The Architectural Folly Attempts a Return at a Brussels Exhibition

Originally published on Metropolismag.com

Miscellaneous Follies at the KANAL – Centre Pompidou argues that in today’s post-truth world, the spiritual, sensual, and ambiguous folly has acquired a new resonance.

The folly, as an architectural type, is a provocative and perplexing phenomenon. Ever since 16th century arts patron Pier Francesco Orsini created the Parco dei Mostri in central Italy—where monstrous purpose-made ruins and sculptures have intrigued visitors for centuries—this ostensibly functionless typology continues to channel spirituality, sensuality, ambiguity, and the unknown. In today’s era, where Modernism’s pursuit of a unifying narrative has been replaced by an embrace of mixed messages and post-truths, the folly has taken on a new resonance. That idea is the focus on the new exhibition Miscellaneous Follies at KANAL – Centre Pompidou in Brussels. As Cédric Libert, one of the show’s curators, said at the show’s opening, “The contemporary condition is this very unstable world, of infinite quantities of messages. At the same time, the interesting thing about the collapse of one great narrative, is that we can all [have] multiple [narratives].”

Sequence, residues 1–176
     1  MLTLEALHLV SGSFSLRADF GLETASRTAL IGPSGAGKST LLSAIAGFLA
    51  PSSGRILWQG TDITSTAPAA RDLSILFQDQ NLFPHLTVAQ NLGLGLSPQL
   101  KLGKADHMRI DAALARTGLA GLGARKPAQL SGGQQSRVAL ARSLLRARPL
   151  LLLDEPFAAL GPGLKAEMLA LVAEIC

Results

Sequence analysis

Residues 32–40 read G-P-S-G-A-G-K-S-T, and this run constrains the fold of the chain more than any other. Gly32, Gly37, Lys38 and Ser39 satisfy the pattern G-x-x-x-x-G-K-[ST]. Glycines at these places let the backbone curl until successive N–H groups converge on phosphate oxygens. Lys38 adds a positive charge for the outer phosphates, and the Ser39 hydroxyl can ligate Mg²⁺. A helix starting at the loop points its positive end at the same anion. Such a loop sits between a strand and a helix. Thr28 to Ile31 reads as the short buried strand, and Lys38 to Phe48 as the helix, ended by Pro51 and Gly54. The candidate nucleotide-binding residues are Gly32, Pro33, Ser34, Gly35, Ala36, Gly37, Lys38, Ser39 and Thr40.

Originally published on Metropolismag.com

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